Avian and swine influenza viruses circulate worldwide and pose threats to both animal and human health. The design of global surveillance strategies is hindered by information gaps on the geospatial variation in virus emergence potential and existing surveillance efforts.
We developed a spatial framework to quantify the geographic variation in outbreak emergence potential based on indices of potential for animal-to-human and secondary human-to-human transmission. We then compared our resultant raster model of variation in emergence potential with the global distribution of recent surveillance efforts from 359105 reports of surveillance activities.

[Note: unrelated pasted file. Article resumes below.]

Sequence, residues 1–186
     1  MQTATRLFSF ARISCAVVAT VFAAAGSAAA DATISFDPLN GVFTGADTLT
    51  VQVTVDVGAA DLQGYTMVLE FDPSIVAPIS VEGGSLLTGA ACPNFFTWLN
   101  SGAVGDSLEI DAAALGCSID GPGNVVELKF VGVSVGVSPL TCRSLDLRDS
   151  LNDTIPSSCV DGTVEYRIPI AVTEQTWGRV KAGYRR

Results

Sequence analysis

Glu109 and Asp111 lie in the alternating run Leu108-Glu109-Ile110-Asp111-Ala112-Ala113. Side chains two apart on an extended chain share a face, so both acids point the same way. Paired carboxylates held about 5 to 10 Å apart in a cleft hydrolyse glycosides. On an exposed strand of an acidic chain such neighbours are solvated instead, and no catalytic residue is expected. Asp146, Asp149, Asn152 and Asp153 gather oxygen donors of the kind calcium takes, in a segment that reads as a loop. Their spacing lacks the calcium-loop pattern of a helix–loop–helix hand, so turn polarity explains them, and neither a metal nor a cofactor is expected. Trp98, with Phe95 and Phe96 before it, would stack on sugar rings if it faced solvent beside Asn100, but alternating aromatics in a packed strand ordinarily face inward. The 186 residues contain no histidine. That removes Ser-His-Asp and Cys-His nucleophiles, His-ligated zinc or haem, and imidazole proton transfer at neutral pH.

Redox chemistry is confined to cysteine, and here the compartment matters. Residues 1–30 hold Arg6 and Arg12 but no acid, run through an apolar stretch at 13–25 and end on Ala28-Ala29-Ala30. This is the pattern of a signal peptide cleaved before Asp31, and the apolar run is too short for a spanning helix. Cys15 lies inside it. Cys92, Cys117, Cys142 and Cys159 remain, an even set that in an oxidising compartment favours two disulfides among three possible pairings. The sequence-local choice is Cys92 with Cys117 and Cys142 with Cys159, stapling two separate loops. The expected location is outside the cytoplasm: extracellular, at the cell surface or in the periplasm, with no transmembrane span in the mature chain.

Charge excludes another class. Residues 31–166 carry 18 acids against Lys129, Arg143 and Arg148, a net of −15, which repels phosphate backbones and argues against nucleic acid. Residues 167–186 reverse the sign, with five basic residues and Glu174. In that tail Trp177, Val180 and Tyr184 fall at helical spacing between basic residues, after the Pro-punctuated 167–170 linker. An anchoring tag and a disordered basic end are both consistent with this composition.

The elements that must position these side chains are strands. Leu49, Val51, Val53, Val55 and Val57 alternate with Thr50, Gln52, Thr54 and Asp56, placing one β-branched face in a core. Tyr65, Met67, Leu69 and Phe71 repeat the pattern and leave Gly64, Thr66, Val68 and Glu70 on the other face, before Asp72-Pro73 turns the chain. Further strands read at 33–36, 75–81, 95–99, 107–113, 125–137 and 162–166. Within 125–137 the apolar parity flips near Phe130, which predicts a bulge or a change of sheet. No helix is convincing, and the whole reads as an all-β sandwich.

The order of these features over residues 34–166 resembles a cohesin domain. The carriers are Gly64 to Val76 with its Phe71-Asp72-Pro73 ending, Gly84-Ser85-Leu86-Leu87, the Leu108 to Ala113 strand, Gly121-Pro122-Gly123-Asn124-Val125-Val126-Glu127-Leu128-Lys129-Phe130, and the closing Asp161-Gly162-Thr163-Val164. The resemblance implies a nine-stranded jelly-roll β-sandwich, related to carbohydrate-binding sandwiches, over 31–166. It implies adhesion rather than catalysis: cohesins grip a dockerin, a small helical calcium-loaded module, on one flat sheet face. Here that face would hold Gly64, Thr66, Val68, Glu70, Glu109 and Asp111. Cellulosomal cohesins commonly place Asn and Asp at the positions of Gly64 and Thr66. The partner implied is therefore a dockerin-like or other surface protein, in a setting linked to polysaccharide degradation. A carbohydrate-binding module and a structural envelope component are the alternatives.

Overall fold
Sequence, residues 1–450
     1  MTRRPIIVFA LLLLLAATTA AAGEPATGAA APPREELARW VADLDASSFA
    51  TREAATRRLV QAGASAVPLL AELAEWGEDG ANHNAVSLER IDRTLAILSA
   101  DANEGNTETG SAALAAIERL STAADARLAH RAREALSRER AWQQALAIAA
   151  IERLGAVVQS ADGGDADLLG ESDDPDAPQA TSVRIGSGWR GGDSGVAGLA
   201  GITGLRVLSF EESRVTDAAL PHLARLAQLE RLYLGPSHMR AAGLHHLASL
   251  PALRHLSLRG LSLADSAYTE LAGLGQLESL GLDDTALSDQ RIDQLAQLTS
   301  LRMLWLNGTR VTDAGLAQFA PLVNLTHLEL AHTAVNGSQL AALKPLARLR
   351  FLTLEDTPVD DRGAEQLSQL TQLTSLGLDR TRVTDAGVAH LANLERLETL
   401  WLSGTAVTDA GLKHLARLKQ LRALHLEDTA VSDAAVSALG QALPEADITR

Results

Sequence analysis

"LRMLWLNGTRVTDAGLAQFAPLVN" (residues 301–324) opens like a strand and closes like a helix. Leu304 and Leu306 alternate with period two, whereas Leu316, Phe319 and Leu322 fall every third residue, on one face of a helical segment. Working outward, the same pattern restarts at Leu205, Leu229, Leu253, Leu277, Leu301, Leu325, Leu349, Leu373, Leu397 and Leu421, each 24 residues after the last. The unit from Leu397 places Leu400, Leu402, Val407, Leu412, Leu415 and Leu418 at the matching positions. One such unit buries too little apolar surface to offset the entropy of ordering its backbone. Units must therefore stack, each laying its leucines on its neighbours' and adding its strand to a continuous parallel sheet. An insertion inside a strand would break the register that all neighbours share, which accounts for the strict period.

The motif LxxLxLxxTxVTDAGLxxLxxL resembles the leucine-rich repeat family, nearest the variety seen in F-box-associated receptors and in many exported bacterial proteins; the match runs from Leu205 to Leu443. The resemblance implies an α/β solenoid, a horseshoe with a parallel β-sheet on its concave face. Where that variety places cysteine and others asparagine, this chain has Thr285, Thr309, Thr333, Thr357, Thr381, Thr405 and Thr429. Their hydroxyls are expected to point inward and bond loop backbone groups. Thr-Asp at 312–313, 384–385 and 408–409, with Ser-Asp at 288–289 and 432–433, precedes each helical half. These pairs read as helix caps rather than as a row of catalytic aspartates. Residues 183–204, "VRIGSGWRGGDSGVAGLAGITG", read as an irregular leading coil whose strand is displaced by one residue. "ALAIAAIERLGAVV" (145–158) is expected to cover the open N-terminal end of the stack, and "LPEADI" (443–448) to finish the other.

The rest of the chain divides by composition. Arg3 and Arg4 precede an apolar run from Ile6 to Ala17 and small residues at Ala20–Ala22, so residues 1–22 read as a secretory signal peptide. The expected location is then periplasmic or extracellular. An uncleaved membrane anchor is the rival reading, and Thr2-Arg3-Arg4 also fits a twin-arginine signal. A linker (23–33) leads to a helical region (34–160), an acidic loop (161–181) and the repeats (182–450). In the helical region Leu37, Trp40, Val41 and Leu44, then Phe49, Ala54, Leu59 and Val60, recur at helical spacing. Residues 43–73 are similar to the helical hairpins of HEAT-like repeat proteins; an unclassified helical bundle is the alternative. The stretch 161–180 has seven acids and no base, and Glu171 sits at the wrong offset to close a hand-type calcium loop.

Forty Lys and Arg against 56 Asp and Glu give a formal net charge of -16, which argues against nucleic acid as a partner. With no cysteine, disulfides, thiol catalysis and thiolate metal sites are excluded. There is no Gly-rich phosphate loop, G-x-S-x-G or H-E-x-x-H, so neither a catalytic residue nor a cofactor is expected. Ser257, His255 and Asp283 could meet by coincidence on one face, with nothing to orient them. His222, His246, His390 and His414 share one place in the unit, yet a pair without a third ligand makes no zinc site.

Our framework identified regions of Southeast Asia, Eastern Europe, Central America, and sub-Saharan Africa with high potential for influenza virus spillover. In the last 15 years, however, we found that 78.43% and 49.01% of high-risk areas lacked evidence of influenza virus surveillance in swine and domestic poultry, respectively.
Our work highlights priority areas where improved surveillance and outbreak mitigation could enhance pandemic preparedness strategies.